The rumors fly. Apple and Intel are talking. The stock market gets a lift. Speculation runs rampant. What’s all this about, Alfie? Well, if the truth be told, it’s business as usual for Cupertino’s favorite Mac maker.
You’d think it was a slow news day. Fighting in Iraq. Apple CEO Steve Jobs takes a poke at Micosoft Chairman Bill Gates during Walt Mossberg’s “D” conference. iPod now has about 75-percent market share. What else is new?
Oh, Apple’s going to dump IBM.
Last week’s news was better. Sony will use the new IBM chip in the next generation Playstation. The week before it was Microsoft announcing they’ll use the new IBM chip in the next generation Xbox.
Now there’s “news” that Apple is talking to Intel.
Desperate Housewives plots are no more twisty and curvy plots than what goes on with Apple these days.
Is Steve Jobs ready to dump IBM and move his chip buying business elsewhere? I think so. Though it may not be what you’ve read in the papers.
First, Steve, Apple, and Mac users got screwed royally by PowerPC chip maker Motorola a few years ago, when Moto got stuck on 450mhz for about 12 years. Meanwhile, Intel continued to pull the wool over PC user’s eyes by upping the megahertz race to a gigahertz race.
Then, Steve announces new IBM PowerPC G5 chips for the Mac. Guess what? They’ll be at 3ghz in a year. Except it’s been two years and we’re still not there yet. And there’s no G5 chip in sight for the PowerBooks (remember, laptops make up about half of Apple’s computer business).
What happened to IBM?
First, they couldn’t deliver the goods they thought they could. The move to 90 nanometer product was not trivial. Troubles abound and there’s still no upward movement in chip speeds. And there’s no COOL G5 chips (used for mobile computing) anywhere but the latest Apple wish list.
Second, Microsoft and Sony come knocking and fall in love with the latest IBM PowerPC and Cell chip brochures. Who sells more units? Apple? Or Microsoft’s Xbox and Sony’s Playstation?
Apple gets the short end of the stick. Again. First, Moto, now Big Blue.
Is Steve Jobs pissed? You bet. He’s often pointed out that Macs are more loved by users because they work better. Macs work better because Apple designs the whole package. Software. Hardware. The works.
There’s just one catch. Apple doesn’t build the chips. And the chip building business is not for the faint of heart. There are few manufacturers capable of building an Intel Pentium or a PowerPC G5-class chip. IBM. Intel. Hmmmm. Anyone else?
Who’s “Freescale,” you just said to yourself. Well, Freescale is what used to be Motorola’s PowerPC chip building business. They spun off the money-losing unit a year or so ago, changed the name to Freescale (the domain name was available), and the spin-off from Moto has been building more and more chips ever since.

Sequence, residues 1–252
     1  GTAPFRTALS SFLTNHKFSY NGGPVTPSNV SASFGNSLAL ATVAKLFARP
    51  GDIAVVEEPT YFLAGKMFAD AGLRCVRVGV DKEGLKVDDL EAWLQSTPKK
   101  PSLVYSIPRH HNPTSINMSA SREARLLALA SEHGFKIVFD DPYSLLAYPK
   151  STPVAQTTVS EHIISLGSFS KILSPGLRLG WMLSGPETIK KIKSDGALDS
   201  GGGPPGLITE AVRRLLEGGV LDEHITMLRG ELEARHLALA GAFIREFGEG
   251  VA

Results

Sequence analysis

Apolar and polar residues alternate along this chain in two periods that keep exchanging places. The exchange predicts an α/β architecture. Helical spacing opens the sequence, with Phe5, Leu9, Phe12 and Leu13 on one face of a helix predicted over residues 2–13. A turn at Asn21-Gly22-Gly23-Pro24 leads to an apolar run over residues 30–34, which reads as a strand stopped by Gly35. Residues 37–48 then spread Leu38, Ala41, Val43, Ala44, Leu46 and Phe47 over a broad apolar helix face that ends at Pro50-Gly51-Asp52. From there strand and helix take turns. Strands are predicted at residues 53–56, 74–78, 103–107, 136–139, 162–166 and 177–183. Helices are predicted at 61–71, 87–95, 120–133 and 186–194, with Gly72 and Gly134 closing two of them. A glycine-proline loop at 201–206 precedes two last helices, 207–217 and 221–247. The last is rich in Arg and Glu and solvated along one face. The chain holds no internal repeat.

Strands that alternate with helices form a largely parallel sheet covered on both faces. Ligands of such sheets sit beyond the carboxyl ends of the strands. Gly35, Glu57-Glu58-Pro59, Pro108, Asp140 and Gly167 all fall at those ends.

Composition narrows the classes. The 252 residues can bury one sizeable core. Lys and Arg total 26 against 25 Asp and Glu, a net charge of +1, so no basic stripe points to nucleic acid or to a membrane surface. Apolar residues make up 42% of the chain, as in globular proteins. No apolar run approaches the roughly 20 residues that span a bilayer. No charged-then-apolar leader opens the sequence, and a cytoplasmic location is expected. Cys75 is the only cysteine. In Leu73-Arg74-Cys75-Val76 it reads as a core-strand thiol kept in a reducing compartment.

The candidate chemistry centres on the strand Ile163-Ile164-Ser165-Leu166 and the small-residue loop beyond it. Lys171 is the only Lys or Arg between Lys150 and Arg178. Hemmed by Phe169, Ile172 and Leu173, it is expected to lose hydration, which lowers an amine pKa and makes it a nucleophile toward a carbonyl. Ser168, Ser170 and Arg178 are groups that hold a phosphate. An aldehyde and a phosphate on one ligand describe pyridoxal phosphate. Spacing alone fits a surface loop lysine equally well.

The chips inside PowerBooks, iBooks, eMacs, mostly come from Freescale these days. They’re relatively fast, compatible with Mac OS X Tiger, and inexpensive. But they’re not G5s.
“Freescale is just getting some traction in the marketplace (over the past year revenue is up, profits are up, stock price is up) so the time for a bold move, an acquisition by Apple, is now.”Does Freescale have what it takes to make a competitive chip? How does Freescale enter the “Apple talks to Intel” conversation? All valid questions, Grasshopper.
Yes, Freescale could build a very competitive chip. They need the right customer. What about Apple talking to Intel? It’s a diversion. It’s to show the world (of chip makers) that Cupertino has choices. It’s to get some leverage with IBM.
It’s also a smokescreen of sorts.
Apple really wants to buy Freescale.
Think about it. Not only would they have complete and full access to the chip designing and building process, they’d begin to take back some of their own destinty and put it in Apple brochures (and products), where it belongs.
Freescale is just getting some traction in the marketplace (over the past year revenue is up, profits are up, stock price is up) so the time for a bold move, an acquisition by Apple, is now.
Franky, Apple can afford to buy Freescale. FSL’s market cap is less than $3-billion. By contrast, Apple’s is over $30-billion. Apple has over $7-billion in cash. This is doable with Steve’s company American Express card.
Apple needs to control all the pieces. It’s in Steve Jobs’ DNA. Innovate. And control. The only two pieces Apple doesn’t really control are chips and product manufacturing. There are few chip manufacturers of the scale Apple needs. Freescale is one. There are plenty of hardware manufacturers.
Think about it. Apple will buy their own chip-making company. It could happen.
What say you? Tired of IBM’s promises (and Steve’s)? Tired of Intel’s propaganda inside? Do you think Apple could use it’s own chip, designed and built by Apple employees?
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